Chris: The way we work and interact with data has fundamentally changed in all industries, not just Life Sciences. It is no longer just data scientists and statisticians that need data to do their jobs, it is all people including executives, sales reps, clinical operations, supply chain analysts, quality engineers, scientists, external partners, and sometimes even machines! Consumers who would have been happy with standard reports are now more advanced and their expectations of data availability have increased. They look for self-service data exploration and visualization capabilities in order to consume and interpret the variety of data that supports their role and the timeframe they need it.

David: Given this backdrop of change, do you have any great tips for Life Sciences companies to succeed in this new world? What is your prescription for success?

Chris: I have seen so much success in adopting new strategies, the prescription could be long and complex! If I were to name my top 10 tips, they would include the following:

  1. Get out of your comfort zone and be innovative! Critically evaluate everything you do with data and consider alternatives to long projects which deliver slow value.
  2. Go directly to the source wherever possible! Modern technologies will insulate the source systems from over-use and facilitate high performance results.
  3. Focus on centralizing master data rather than all data. If you are able to keep your master data current and accurate, it makes it much easier to bring together the various sources of data available to you.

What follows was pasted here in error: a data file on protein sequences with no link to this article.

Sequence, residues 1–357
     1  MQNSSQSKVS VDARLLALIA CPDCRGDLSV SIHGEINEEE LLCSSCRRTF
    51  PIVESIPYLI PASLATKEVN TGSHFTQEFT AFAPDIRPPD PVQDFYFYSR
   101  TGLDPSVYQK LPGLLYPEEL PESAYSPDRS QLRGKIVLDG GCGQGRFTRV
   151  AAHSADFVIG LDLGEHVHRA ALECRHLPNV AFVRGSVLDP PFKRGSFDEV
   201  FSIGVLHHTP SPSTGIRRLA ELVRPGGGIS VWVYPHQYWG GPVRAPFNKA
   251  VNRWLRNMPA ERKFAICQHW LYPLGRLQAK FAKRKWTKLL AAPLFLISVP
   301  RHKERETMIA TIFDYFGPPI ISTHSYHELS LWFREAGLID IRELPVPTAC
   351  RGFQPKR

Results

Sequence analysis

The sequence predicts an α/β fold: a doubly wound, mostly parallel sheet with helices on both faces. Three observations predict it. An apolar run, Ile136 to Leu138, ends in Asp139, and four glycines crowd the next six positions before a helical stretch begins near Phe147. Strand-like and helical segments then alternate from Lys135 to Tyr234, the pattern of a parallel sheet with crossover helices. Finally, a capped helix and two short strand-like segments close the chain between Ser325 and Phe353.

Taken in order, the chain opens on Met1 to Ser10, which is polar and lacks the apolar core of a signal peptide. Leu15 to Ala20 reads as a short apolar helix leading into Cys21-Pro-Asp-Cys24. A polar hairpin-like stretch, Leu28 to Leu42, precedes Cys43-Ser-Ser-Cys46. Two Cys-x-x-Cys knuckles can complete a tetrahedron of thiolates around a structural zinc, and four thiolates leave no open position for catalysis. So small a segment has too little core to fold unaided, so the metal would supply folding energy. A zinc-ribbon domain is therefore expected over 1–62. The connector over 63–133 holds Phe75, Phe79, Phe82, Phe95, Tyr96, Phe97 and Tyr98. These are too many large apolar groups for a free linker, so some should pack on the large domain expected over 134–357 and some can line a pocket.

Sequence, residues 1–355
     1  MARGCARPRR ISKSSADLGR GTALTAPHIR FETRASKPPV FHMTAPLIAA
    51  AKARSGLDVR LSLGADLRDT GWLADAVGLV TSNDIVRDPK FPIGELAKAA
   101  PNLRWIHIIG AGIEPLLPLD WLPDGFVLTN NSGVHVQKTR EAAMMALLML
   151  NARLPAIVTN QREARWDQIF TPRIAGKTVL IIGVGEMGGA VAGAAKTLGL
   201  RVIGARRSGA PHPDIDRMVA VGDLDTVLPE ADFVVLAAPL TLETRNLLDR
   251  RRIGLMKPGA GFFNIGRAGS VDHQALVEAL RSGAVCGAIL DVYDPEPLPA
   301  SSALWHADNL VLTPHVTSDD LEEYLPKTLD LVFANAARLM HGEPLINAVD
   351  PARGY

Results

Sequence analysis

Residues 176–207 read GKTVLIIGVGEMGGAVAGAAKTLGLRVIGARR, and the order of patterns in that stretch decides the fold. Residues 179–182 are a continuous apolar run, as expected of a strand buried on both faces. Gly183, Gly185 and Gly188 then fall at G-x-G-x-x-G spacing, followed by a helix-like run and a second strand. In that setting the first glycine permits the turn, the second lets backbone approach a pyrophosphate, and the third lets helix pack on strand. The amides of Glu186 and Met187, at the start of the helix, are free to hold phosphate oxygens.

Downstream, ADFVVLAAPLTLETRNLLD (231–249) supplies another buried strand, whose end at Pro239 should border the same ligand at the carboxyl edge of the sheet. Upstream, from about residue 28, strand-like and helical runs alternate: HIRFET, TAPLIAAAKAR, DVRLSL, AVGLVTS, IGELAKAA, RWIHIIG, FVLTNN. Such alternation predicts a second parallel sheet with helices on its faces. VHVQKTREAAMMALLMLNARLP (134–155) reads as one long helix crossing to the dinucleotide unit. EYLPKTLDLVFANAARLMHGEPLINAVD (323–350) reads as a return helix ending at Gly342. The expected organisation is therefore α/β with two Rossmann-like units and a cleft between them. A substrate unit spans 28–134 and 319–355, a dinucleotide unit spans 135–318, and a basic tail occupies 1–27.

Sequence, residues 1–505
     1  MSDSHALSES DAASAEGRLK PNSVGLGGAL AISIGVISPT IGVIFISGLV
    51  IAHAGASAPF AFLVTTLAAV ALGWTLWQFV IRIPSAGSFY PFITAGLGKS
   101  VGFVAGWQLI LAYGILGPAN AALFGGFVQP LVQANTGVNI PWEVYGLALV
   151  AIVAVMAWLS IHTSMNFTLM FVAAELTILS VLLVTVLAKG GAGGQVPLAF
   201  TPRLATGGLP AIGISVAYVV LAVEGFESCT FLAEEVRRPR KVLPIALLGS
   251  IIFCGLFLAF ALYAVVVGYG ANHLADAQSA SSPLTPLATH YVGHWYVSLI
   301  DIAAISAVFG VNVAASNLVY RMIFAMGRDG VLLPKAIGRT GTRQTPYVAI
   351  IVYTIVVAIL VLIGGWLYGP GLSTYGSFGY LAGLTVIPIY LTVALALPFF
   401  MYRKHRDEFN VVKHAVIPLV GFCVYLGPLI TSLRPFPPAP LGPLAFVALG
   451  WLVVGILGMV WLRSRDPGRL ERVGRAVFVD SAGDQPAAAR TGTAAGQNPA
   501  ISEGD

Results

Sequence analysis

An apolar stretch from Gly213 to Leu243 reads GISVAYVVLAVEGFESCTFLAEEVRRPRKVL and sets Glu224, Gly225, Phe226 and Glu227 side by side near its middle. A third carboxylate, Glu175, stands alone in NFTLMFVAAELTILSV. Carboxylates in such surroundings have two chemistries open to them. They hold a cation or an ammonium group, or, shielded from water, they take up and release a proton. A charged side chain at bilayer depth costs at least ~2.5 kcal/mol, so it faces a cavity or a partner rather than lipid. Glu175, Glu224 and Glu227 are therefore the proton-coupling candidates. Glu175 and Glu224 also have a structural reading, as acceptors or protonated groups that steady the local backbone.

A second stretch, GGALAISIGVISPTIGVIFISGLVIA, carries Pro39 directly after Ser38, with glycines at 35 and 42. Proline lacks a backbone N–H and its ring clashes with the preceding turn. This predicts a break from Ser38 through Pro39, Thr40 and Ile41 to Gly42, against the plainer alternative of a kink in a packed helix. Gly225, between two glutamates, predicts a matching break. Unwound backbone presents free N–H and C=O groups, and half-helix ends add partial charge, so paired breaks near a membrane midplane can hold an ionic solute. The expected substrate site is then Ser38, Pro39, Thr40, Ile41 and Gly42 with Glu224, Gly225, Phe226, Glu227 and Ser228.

4. Think business, not technical – a ‘killer question’ is more important than a ‘killer app’! Rather than trying to store all data to address every possible business need, start with a specific use case and find the data that supports it.
  5. Bring data consolidation closer to the business; engage business users early and throughout the development cycle. The market is filled with technology that empowers users to collect, integrate, cleanse, and consume data for analytics.
  6. Move fast! In order to take advantage of opportunities, your business has to make decisions quickly. Decide which data will add value and start with that, expand incrementally and learn to succeed fast and also fail fast – weeks, not months, is the key mantra here.
  7. Data quality is not a destination, it’s a journey. Data quality should be an on-going effort that provides continuous improvement but does not act as a barrier to providing information to the business.
  8. Create consistency through process and behavioral change. Don’t let the idea of multiple applications or replication of data paralyze you! Create consistency without losing your focus on agility by creating lite-touch process with well-defined standards for all aspects of data literacy.
  9. Empower individuals to be self-sufficient data activists and create a culture of sharing, which is easier said than done!
  10. Consider full or hybrid cloud based solutions for data infrastructure or analytics. This could significantly reduce your dependency on internal skills and enable a more agile approach to technology.

David: Thank you for sharing your insights, Chris! It’s clear the prescription is available for those willing to embrace the new data landscape and all that it offers.